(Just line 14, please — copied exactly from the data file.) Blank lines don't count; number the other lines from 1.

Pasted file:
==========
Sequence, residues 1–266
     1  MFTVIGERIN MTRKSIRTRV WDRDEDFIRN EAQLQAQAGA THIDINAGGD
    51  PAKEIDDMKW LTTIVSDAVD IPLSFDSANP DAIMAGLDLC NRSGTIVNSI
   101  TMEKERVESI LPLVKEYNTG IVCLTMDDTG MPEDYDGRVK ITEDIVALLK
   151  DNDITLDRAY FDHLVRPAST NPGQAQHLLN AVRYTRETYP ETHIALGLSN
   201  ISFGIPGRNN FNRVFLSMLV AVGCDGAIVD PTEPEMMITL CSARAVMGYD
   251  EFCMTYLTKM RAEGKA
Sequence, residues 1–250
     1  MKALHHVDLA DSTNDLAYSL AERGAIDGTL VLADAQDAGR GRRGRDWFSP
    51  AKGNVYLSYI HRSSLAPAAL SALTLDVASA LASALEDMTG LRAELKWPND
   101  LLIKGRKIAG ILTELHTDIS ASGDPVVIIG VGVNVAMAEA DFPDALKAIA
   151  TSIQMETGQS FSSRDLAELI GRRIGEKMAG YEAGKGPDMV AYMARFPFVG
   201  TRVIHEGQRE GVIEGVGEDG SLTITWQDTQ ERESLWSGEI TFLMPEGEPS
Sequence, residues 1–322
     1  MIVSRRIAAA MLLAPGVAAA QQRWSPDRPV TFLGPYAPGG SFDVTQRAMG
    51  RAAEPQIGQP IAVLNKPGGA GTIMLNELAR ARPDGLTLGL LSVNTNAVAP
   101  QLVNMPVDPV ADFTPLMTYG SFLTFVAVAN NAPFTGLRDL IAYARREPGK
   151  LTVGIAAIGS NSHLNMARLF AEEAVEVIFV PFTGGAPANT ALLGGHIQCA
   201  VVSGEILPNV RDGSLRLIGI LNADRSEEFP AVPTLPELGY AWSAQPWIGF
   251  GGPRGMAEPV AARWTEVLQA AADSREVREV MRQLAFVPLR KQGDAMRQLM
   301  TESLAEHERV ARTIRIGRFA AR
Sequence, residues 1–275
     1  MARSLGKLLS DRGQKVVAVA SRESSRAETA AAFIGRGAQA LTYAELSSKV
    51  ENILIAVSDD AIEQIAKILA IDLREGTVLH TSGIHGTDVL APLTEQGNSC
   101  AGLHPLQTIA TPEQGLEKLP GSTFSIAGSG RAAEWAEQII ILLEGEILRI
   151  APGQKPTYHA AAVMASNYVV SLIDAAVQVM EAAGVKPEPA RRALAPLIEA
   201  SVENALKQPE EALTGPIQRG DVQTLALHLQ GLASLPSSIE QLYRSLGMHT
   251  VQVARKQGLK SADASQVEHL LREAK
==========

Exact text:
Sequence, residues 1–322